AD gallery opens Evangelia Basdekis’ solo show entitled “The Silence of the Monkeys” on Friday, June 12, 2015 at 20:00. The show will be accompanied by the relevant performance, which will be presented on Friday, June 12 (20:00-22:00) and on Saturday, June 13, 2015 (12:00-16:00).

With this performance the artist Evangelia Basdekis is trying to close the gap between the narratives about human and nature.

Nature’s representation in Western culture is being done by the construction and the subsequent use of stereotypes, in the creation and processing of which fine arts have helped a lot. The most common stereotypes are those of nature as an inexhaustible source of food, wealth, but also as a nostalgia of the wild and primitive or as a romanticized background of human activity.

At the performance, seeds of various plants necessary in our diet are planted on the head into the hair of the artist to grow by her care using herself as a host. The performer consciously decides to dispose her temperature, sweat, time and space for the purpose of the growth of the seeds. As a result, the artist’s body is being marginalized-isolated, cannot work, participate in social activities, cannot eventually participate in simple, everyday events, around which she has organized her daily routine or life. The idea of abstinence from her previous life in order for the seeds to grow cannot be a product of obligation. This (rebellious) body cancels habits and actions, denies priorities.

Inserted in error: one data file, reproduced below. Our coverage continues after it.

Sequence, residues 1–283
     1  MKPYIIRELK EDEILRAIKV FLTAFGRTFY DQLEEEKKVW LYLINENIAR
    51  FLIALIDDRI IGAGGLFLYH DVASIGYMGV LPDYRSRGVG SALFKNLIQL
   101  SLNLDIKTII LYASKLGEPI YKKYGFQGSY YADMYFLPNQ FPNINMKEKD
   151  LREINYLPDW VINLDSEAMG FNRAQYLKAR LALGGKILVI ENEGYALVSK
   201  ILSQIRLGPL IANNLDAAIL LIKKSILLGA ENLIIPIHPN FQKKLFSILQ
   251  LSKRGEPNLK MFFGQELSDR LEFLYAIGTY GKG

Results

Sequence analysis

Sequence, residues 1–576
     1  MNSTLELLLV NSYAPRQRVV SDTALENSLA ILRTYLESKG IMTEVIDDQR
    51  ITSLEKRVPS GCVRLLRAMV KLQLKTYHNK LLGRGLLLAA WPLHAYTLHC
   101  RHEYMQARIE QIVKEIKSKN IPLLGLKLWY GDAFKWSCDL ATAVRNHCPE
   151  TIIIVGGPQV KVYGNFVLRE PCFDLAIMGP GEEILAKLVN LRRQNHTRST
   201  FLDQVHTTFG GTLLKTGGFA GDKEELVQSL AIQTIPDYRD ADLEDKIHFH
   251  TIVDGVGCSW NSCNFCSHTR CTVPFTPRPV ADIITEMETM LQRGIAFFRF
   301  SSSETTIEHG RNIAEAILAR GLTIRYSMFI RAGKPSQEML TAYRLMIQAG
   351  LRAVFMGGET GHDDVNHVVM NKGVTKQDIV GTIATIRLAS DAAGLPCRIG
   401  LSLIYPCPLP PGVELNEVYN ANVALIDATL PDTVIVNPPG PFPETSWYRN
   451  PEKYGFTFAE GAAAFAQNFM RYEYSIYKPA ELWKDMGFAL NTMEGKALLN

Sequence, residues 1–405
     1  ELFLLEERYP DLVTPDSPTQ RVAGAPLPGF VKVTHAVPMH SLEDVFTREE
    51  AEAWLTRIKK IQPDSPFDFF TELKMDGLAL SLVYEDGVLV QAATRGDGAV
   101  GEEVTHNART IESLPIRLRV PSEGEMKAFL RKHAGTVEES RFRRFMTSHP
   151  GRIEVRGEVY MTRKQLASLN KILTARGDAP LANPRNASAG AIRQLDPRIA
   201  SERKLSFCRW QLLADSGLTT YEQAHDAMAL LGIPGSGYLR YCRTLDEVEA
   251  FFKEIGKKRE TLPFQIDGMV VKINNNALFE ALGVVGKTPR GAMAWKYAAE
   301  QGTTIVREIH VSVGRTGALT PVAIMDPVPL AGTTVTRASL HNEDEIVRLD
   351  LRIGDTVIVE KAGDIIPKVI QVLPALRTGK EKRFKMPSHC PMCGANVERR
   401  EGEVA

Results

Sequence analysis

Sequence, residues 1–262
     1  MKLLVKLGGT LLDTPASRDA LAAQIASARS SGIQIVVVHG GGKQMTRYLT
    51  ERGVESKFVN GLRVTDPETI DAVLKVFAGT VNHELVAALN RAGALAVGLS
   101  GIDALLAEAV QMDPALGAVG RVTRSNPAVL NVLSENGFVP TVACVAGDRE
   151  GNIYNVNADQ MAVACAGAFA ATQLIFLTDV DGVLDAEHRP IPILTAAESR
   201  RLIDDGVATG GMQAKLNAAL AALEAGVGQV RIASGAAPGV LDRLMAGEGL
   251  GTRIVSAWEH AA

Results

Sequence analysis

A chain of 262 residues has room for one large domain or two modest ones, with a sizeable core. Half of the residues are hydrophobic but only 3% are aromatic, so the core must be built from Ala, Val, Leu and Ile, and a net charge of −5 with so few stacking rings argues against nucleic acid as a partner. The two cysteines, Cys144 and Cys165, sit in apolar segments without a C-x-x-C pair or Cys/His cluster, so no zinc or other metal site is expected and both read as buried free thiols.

Basdekis has no intention of creating a metaphor or allegory of nature in this performance. She does not aim in the representation of a mystical ritual that has references to cultural products, such as that of the shaman-healer artist. She does not make a sociological comment here by using the artist’s body as the ultimate refuge of survival, as the only place for the seeds’ growth in crisis conditions.

On the contrary, the artist considers that there is an urgent need to break free from any kind of theoretical references, schools and academic approaches of the nature and of the need to protect the natural environment. She believes that everyone has to take reponsibility as part of his/her own lived everyday routine.

Basdekis seeks the reappearance of the ties between two seemingly distant worlds, that of human and that of nature. She tries to remind us that the distance between them is constructed. She overemphasizes with this performance an unbreakable bond which, perhaps, has never been disrupted.

It is an effort of “de-conceptualization” of nature and the purpose of “representation” itself and it poses the question whether another contract between nature and intellect could be achieved beyond any notion of catechism.